Merger and acquisition (M&A) activity returned to the software industry with a vengeance at the end of 2004 and in early 2005, with announcements of several notable transactions, says Standard & Poor’s Equity Research in a semiannual study of the industry. The report, the Computers: Software Industry Survey, is published twice yearly by Standard & Poor’s, a leading provider of independent investment research, ratings and indices.
According to the survey, one of the primary catalysts for the pick up in M&A activity in late 2004 was the resolution of the Oracle/PeopleSoft takeover battle. “Throughout the ordeal, Oracle overcame a number of hurdles, including a battle between the respective companies’ CEOs and a decision by the U.S. Justice Department that an Oracle/PeopleSoft combination would violate antitrust regulations,” said Jonathan Rudy, Software Analyst with Standard & Poor’s Equity Research Services. In September 2004 a federal judge ruled in favor of Oracle, and the Justice Department subsequently said it would not appeal the ruling.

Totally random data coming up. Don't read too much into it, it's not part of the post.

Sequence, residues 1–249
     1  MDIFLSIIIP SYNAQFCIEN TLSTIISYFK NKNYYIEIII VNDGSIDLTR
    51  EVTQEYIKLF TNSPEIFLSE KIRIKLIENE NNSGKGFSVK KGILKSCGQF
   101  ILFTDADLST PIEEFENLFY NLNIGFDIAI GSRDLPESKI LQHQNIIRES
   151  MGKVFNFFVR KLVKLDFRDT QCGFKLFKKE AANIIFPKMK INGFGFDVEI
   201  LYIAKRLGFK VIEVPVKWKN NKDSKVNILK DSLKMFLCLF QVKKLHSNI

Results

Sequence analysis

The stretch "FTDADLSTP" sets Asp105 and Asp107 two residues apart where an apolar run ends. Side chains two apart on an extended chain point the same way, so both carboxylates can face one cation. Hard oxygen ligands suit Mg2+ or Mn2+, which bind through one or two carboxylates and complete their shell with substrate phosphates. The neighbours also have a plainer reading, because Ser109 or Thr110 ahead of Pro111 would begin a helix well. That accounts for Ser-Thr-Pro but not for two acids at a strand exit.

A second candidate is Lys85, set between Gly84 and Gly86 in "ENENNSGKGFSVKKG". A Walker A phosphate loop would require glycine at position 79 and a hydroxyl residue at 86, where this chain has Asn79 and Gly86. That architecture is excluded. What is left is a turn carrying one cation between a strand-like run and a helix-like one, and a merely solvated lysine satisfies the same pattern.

“The enterprise software industry is also ripe for consolidation,” said Rudy. “Several factors had been keeping a lid on deal flow, including operational costs among software companies and investors’ broader concerns over accounting issues. However, intense pricing pressure as well as wide-scale decisions by large corporate clients to reduce the number of software vendors they deal with is driving the pace of consolidation, something that S&P believes will continue well into 2005 and beyond.”